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G11 Lung function, transfusion, pulmonary capillary blood volume and sickle cell disease
  1. A Lunt1,2,
  2. E McGhee1,
  3. P Robinson1,
  4. D Rees3,
  5. S Height3,
  6. A Greenough1,2
  1. 1Division of Asthma, Allergy and Lung Biology, King’s College London, London, UK
  2. 2National Institute for Health Research, Biomedical Research Centre, Guy’s & St Thomas Hospital and King’s College London, London, UK
  3. 3Paediatric Haematology, King’s College Hospital NHS Foundation Trust, London, UK

Abstract

Aims Sickle cell disease is the most common inherited disorder in African and Caribbean populations. Restrictive lung function abnormalities become increasingly common in older patients and indeed are characteristic of sickle chronic lung disease. Young children with SCD, however, frequently have obstructive lung function abnormalities. It is not clear whether the obstructive abnormalities are due to asthma or the elevated pulmonary capillary blood volume seen in SCD children because of their chronic anaemia. Such data are essential to determine the most effective preventative strategies. Hence, our aim was to investigate whether blood transfusion in SCD children acutely increased pulmonary capillary blood volume (PCBV) and this was associated with increased airways obstruction.

Methods Measurements of respiratory system resistance and spirometry were made before and after blood transfusion in 18 children, median age 14.2 (6.6–18.5) years. The respiratory system resistance was measured using impulse oscillometry and a frequency of 5 Hz (Rrs5) and was used to assess small airway function. Lung function results were expressed as the percent predicted for height. Pulmonary capillary blood volume was measured using the single breath-hold method for gas transfer for carbon monoxide (DLCO) and nitric oxide (DLNO). Pulmonary membrane diffusing capacity (DMCO) and pulmonary capillary blood volume (PCBV) were then determined using the Roughton-Forster model.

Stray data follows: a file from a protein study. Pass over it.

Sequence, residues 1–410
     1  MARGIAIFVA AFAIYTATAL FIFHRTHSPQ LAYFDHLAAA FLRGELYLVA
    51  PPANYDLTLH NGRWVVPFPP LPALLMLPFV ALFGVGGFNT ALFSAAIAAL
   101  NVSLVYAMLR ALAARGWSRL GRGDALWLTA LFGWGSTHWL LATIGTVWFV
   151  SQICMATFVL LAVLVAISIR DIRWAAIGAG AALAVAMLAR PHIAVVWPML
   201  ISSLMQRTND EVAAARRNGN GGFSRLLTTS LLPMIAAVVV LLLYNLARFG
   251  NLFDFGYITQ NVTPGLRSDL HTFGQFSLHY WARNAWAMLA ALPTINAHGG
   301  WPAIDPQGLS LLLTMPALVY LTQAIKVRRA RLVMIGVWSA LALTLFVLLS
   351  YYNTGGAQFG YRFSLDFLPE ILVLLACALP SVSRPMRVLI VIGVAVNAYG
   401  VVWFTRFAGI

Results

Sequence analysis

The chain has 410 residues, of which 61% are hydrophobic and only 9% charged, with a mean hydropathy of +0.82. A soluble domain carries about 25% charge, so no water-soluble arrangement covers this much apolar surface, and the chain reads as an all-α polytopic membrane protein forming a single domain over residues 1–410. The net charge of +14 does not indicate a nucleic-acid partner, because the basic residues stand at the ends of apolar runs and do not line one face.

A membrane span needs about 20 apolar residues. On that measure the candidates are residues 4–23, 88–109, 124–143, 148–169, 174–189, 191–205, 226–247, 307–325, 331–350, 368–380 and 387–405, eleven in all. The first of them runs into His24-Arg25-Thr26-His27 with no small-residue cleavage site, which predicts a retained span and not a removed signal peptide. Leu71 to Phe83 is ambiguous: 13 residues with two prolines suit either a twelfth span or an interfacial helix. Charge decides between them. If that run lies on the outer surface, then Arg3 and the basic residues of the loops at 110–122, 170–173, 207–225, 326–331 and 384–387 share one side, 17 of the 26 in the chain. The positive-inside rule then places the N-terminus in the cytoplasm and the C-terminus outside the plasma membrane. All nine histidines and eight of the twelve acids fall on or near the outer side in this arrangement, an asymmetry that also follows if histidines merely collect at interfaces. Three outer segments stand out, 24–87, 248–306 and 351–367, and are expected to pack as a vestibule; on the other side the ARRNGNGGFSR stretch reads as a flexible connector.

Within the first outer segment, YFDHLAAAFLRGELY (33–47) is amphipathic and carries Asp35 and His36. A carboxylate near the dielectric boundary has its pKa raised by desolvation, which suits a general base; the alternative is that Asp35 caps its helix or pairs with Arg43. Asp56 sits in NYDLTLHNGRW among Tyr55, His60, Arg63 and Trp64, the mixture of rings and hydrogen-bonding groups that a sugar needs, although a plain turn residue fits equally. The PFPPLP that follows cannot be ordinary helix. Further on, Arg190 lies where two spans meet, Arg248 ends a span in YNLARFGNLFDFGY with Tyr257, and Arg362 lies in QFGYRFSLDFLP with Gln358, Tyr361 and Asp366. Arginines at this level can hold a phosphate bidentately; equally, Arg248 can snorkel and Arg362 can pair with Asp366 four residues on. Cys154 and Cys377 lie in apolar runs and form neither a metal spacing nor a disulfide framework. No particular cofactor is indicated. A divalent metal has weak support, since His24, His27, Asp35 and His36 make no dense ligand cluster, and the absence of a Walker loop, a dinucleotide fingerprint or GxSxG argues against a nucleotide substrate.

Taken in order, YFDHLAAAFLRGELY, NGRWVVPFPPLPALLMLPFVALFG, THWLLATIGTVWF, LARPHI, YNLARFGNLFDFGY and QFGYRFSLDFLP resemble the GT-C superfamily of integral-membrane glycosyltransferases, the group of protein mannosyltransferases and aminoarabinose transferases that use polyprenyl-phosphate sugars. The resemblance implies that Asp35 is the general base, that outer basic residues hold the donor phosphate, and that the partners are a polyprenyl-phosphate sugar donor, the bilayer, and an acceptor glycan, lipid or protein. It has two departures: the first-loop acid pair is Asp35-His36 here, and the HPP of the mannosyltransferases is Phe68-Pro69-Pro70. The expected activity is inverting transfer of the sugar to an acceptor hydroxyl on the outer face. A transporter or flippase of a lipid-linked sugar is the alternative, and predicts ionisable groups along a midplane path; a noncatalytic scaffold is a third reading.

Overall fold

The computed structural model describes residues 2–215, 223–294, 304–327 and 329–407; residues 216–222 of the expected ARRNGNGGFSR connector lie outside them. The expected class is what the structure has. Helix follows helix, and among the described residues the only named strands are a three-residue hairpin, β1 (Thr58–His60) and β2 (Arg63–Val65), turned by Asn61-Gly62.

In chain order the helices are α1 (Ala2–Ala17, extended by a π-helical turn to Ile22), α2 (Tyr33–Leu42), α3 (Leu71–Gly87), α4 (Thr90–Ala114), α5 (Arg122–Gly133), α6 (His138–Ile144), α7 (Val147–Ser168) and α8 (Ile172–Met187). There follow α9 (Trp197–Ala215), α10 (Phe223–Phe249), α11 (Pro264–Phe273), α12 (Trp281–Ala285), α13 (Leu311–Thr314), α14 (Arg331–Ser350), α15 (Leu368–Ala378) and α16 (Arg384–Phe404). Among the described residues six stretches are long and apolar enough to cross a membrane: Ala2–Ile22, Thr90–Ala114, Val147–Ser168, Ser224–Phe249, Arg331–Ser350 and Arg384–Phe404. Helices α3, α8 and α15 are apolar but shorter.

Results Post transfusion, the median Rrs5 increased from 127.4 to 141.3% predicted for height (p < 0.0001) and pulmonary capillary blood volume from 39.7 to 64.1 ml/m2 (p < 0.0001). Forced expiratory volume in one second (p = 0.0056) and vital capacity (p = 0.0008) decreased. The increase in Rrs5 correlated with the increase in PCBV (r = 0.50, p = 0.0493).

Conclusion Significant increases in pulmonary capillary blood volume and respiratory system resistance occurred immediately following blood transfusion in children with SCD. Furthermore, the increase in respiratory system resistance significantly correlated with the increase in pulmonary capillary blood volume. These results provide evidence of a potential interaction between the increased pulmonary capillary blood volume and pulmonary function abnormalities seen in SCD children.

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